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What does Europe (or Germany, at least) do right?

  • Not censoring too much
  • Letting people drink in the street / park
  • Eating dinner at the right time
  • Style – everyone just seems well dressed and like they put a little bit of thought into what they wear.
  • Putting prices on things in store windows – though I imagine it would be better to trick people into walking into your store before revealing your inordinate prices.
  • Tipping – mandatory tipping is just effing stupid.
  • Being laid back about language (but maybe that’s just Quebec being stupid and me noticing it)
  • Letting dogs be everywhere – they’re allowed in stores, restaurants, the metro (subway), busses, everywhere! So much better.
  • Maintaining / not maintaining parks – they have parks with actual green areas with ponds, bushes, weeds, whatever and it makes it 1) better for the environment and the animals that can actually live there and 2) feel more wild and more “not the city”.

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What does Europe do not so well?

  • FREE WATER AT RESTAURANTS, DAMNIT PEOPLE COME ON. I get it if it’s a place where you can’t drink the tap water but… Germany? Grr.
  • Free bathrooms – they really really don’t like these. Like, really? Basic human need here!
  • Being open on Sundays
  • Smoking everywhere (or almost everywhere)
  • Being nice when people actually bump into one another – though this is likely just the cities I was in / German thing.

Pictures from this article were taken during the trip, and you can find them all here. Anyway this doesn’t speak for all of Europe or all of North America, but I’ve been to quite a lot of places on both continents and it seems like my opinion wouldn’t change much about these things. That’s ma rant. Hope you enjoyed.

Why I Chose Video Games

I’ve gotten this question a ton, mostly from people not in the games industry:

“What made you get into video games?”

Figured I’d write my answer here, and I’m curious to hear what other people’s answers are to this question. The inquisitors, of course, are asking about making games as a career choice, not simply playing them for countless hours. Actually I don’t even really play that much… fine, except Rocket League…

So why video games? I had the idea of getting into the field a few years ago, and while I’m not sure what exact instant in time or what event sparked it, I realized that it kind of brings together all of the things I’ve wanted to do for my whole life. I’ve always been a creative person with an imagination the size of a megalodon, and I started my post-high-school schooling in music before switching into sciences and eventually engineering. I wanted to get into architecture but went with mechanical engineering because I didn’t have an amazing portfolio ready and I knew (thought) engineering was a more stable career path. Engineers can design of products that people interact with every day, and architects design spaces that alter people’s interactions with the world around them. This last bit is super powerful; a well-designed space can greatly affect the way a person views the world and their overall happiness at work or at home.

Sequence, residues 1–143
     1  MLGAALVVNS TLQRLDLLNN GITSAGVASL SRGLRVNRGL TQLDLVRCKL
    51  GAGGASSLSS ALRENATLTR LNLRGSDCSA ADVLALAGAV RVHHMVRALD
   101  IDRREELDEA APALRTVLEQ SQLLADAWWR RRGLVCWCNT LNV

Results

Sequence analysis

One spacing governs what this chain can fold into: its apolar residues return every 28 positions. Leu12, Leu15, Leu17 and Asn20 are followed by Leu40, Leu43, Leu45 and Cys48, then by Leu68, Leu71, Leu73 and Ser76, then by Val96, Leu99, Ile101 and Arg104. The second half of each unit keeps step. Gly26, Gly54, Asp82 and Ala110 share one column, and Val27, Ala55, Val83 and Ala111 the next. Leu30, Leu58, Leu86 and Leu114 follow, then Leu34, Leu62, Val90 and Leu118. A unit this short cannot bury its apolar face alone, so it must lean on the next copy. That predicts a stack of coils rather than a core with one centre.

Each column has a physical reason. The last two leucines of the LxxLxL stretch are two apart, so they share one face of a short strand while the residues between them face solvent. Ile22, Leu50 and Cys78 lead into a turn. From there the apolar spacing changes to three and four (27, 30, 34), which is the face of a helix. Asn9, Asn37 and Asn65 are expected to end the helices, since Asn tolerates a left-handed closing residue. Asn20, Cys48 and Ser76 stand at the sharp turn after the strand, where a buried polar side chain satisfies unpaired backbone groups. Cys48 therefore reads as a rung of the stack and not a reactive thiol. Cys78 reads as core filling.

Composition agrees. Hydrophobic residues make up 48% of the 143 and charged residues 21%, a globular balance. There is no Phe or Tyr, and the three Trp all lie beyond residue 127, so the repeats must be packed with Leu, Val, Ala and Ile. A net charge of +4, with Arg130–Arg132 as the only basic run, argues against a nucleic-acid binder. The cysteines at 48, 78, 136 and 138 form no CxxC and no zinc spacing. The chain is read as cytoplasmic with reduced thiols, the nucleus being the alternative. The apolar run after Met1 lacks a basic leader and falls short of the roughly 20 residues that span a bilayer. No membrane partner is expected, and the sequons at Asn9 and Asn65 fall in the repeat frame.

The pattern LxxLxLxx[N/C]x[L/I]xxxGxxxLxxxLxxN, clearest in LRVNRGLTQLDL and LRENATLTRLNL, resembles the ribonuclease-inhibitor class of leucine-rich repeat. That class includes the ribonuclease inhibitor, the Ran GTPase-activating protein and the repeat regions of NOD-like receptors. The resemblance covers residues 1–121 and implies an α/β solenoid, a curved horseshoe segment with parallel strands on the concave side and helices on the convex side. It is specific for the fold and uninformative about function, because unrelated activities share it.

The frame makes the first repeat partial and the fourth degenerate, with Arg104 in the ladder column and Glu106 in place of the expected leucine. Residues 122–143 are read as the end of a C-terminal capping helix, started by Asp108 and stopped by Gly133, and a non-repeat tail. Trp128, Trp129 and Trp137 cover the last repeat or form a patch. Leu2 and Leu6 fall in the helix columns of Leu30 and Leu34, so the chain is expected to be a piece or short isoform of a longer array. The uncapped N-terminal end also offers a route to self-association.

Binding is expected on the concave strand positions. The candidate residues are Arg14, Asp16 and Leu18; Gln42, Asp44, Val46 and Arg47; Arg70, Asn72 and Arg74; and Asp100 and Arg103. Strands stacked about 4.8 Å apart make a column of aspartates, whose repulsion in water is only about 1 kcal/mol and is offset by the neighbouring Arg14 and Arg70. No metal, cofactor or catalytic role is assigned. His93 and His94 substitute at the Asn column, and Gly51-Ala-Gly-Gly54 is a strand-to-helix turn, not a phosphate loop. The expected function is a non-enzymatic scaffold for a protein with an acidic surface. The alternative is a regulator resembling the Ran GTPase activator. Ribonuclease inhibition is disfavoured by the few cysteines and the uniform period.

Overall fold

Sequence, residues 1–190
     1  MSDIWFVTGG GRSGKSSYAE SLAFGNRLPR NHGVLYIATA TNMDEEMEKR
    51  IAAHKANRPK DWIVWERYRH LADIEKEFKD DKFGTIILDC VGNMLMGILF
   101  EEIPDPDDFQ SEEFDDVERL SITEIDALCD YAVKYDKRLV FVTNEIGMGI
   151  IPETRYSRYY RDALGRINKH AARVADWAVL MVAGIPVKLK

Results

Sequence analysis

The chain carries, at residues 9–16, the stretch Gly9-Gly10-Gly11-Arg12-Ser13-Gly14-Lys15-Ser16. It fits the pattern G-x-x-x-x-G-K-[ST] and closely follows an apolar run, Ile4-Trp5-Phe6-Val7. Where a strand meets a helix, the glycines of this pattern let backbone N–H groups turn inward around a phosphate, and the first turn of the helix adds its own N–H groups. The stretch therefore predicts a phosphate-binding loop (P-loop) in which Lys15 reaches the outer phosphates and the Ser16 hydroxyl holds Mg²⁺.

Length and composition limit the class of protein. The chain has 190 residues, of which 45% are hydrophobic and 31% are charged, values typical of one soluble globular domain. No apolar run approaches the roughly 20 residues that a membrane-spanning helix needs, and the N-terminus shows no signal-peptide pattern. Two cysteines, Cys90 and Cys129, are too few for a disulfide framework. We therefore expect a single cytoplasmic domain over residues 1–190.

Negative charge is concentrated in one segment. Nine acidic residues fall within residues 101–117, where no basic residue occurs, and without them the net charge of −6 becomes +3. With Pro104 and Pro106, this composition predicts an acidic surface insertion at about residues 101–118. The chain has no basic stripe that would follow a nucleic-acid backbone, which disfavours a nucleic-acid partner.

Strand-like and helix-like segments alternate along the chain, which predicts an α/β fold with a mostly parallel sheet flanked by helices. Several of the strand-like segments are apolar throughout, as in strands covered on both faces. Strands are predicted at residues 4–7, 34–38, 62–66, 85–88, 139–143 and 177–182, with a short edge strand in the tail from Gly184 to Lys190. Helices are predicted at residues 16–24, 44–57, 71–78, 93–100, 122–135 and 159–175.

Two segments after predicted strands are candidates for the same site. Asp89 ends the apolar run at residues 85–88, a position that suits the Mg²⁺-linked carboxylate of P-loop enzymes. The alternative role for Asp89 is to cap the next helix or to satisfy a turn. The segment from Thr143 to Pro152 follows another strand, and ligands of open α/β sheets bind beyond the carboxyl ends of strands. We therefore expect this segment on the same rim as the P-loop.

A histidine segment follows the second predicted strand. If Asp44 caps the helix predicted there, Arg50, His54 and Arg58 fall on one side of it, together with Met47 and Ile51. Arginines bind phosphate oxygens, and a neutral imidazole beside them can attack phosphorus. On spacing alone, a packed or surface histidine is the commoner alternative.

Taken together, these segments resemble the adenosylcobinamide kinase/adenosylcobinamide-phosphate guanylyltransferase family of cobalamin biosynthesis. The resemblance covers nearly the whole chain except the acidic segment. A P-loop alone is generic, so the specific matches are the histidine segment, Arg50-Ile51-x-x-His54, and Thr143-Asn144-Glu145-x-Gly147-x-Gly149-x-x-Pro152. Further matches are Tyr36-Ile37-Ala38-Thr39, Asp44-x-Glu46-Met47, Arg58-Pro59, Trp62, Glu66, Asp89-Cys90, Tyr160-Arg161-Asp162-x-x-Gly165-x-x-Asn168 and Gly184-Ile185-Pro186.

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Personally I think the carpet is too dark… but hey.

But why stop there? Why be constrained by the physical world? Why not take people into the crazy, insane imagination that fuels my brain and fills it with images, words and stories? I’ve never really been good enough at art to convey what’s in my mind, and I’ve never been a talented (or patient) enough writer to create text that makes you want to jump into the page and never leave.

That brings me to my next point: you can’t actually jump into the pages of a book. Well, maybe a very big book… but generally, you can’t. You can’t look at a painting of a house and go see what’s behind it. Traditional media, or non-interactive media such as books, television, movies, paintings, etc. are great. BUT the thing they lack is true immersion. A book might pull you into the story and you might feel like you’re right there next to the characters seeing their experiences first-hand, but you’ll never alter the story or the interaction between the characters. This is something you can do in games and it gives games, in my opinion, a completely different value as a story-telling medium.

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So, because of the idea that games can be a medium through which I can channel my imagination, and because they are one of the only forms of media that allow for true immersion, I’ve chosen video games. There’s a third reason, which I can’t say I knew before I got into the industry, but I sure as hell know it now. The people. Are. Fantastic. They really, truly are. I think I’ll probably write another post about that sometime as I don’t want to drag on, but it’s incredible the kind of mutual support we give each other in this industry.

That’s all for today folks, I’d love to know your thoughts and, if you do work in games, your reason for doing so.